Could the banks cope with large deposit outflows? Assessment according to a new liquidity metric

Liquidity risk and regulations

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Liquidity risk and regulations

Why is liquidity risk regulated?

Published: 9 May 2022

According to the Basel Committee, it is the liquidity risk in internationally active banks that should be regulated.[4] See inter alia Basel Committee on Banking Supervision (2013). Note that the Basel Committee’s standards define both capital requirements and liquidity requirements for internationally active banks. How “international activity” should be defined is debatable. When the EU implemented the Basel global standards in the Capital Requirements Regulation, they chose quite simply to include all banks.[5] See EU (2013) in which certain investment firms also are covered by the liquidity regulations.

What is it, therefore, that defines a bank? The definition in the Capital Requirements Regulation is brief: “An undertaking the business of which is to take deposits or other repayable funds from the public and to grant credits for its own account”.[6] See EU (2013), Article 4.1.1. There are however several other types of firms in Sweden that can grant credits, besides banks.[7] For example, consumer credit institutions can grant credits in Sweden. At the beginning of 2022, there were 74 such firms in Sweden according to However, it is essentially only banks that are authorised to take deposits from the public.[8] Deposit firms can also take deposits from the public, but only up to a limited amount per customer. These types of firms are however being wound up as of 1 January 2021. It is thus only the firms that may take deposits from the public – that is, the banks – that are covered by the Basel liquidity and capital regulation standards.

Deposits make up a substantial part of funding for almost all major banks globally. Deposits differ from other funding because most of them are on demand – that is, they can be requested back immediately by the customer. Deposits are also nominally determined, which means that the depositor can request back the deposited amount (adjusted for agreed interest), irrespective of the performance of the bank’s asset side. This can make the bank sensitive to a bank run; that is, numerous customers withdrawing their money at the same time. The sensitivity ensues from the money potentially not sufficing if the bank does not hold sufficient liquid funds in such a situation. In that case, even a solvent bank could default and be put into resolution or go bankrupt, because a bad reputation or a single item of bad news can suffice to fuel a bank run. The run can then be very sudden, giving the banks limited possibilities to act to reduce its impact.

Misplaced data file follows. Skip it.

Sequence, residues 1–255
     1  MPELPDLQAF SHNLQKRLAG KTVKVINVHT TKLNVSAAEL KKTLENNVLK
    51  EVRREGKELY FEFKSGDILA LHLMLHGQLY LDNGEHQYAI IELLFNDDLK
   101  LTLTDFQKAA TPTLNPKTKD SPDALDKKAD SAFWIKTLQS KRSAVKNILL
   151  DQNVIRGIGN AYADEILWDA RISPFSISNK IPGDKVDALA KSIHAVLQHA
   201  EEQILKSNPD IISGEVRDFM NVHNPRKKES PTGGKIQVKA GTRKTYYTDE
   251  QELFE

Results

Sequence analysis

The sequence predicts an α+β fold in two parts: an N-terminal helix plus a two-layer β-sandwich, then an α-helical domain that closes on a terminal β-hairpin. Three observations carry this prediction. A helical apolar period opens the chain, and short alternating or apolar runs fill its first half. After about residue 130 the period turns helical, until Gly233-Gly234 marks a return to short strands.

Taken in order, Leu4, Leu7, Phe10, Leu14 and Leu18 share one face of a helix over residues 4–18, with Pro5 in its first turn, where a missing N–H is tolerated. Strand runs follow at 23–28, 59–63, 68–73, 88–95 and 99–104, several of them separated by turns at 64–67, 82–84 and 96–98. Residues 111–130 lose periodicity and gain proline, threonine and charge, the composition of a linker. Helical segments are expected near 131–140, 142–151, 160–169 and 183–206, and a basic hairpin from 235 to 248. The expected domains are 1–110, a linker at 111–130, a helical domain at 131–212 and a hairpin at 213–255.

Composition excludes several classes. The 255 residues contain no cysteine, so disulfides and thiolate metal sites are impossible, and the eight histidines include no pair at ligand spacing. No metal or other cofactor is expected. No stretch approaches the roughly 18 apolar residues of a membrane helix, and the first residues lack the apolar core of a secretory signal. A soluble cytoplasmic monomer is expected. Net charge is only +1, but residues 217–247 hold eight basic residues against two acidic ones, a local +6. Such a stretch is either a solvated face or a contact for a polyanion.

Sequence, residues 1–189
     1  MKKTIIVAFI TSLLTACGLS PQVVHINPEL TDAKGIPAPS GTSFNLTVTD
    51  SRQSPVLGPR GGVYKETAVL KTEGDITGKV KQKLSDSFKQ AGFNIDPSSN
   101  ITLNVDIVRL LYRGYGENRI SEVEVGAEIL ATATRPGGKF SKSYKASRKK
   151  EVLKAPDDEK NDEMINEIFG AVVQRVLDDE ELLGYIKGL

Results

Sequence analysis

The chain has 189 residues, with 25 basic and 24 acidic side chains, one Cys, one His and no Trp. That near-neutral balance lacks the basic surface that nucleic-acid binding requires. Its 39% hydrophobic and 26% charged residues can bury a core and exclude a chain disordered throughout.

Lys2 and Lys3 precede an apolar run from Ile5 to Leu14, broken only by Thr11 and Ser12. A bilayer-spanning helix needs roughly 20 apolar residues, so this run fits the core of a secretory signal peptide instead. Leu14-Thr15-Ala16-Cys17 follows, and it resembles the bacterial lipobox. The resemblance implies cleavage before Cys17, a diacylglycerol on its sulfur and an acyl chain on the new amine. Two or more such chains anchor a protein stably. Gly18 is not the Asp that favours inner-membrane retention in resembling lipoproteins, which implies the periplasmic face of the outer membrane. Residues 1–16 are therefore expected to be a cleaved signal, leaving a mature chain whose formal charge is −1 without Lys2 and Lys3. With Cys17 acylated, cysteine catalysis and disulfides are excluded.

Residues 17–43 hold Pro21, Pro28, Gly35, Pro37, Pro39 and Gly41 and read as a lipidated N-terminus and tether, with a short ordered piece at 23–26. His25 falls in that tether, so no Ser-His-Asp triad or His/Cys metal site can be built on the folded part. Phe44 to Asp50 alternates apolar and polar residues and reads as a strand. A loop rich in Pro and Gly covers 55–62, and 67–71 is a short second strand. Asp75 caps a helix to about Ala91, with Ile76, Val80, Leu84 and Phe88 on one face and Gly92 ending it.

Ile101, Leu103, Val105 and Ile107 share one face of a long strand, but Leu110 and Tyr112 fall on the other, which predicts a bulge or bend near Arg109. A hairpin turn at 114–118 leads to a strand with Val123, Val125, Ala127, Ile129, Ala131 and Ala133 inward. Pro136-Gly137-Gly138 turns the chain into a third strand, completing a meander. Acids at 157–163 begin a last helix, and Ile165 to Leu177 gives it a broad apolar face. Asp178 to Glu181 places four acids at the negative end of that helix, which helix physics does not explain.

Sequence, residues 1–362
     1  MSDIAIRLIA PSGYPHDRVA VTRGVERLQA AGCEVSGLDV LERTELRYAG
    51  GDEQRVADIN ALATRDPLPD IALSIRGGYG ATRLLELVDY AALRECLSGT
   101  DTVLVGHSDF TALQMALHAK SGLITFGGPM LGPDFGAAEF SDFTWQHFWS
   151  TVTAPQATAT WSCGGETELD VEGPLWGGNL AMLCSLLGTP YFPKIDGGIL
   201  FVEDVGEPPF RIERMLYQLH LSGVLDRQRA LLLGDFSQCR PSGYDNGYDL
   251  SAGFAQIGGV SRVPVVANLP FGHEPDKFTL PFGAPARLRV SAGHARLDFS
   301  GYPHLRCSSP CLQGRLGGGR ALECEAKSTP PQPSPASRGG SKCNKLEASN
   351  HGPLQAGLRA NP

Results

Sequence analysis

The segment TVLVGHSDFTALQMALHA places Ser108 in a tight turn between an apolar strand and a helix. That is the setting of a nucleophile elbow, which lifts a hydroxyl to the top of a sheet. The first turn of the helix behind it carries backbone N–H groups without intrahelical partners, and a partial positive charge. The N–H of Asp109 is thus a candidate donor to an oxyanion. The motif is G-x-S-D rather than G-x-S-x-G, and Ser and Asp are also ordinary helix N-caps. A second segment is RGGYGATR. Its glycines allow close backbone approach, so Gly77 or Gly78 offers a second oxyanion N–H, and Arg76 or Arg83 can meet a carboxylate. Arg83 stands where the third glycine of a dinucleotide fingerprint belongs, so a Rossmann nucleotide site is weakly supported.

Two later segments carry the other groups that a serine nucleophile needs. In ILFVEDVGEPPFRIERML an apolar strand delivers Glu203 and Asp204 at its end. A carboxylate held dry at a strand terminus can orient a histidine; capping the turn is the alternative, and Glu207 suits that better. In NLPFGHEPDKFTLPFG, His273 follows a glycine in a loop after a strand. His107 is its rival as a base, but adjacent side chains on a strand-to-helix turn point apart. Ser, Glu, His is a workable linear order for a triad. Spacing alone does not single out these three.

It is harmful to society if banks suddenly collapse, because many of them are important to the functioning of the payment system and for upholding lending. Through resolution, negative effects can be alleviated but not entirely counteracted and for this reason bank defaults must be prevented.

The deposit guarantee is a preventive measure that has been introduced in many countries, one purpose being to reduce the risk of bank runs. Besides this measure, central banks can also support banks by granting them emergency liquidity assistance. Governments can also act by issuing guarantees for part of the bank’s funding. This can reduce investors’ credit risk and hence improve their willingness to fund the bank. However, this causes a moral hazard. The banks have an incentive to increase their risk in their business to earn more money. If things take a bad turn, they might expect to be bailed out by the authorities through liquidity assistance, at least if the bank is large and considered systemically important. To resolve this dilemma, regulations are introduced that limit the banks’ risk-taking. The rules in the Capital Requirements Regulation cover liquidity risks, but also risks that place demands on greater capital, for example credit risks and market risks.

One way of summarising the task of a regulator is their need to find a sufficiently decent level of capital and liquidity to enable the banks themselves to bear losses or loss of liquidity in most crises that arise. This creates confidence in the banks, hence putting them in a good position for well-functioning operations with a low probability of a bank run.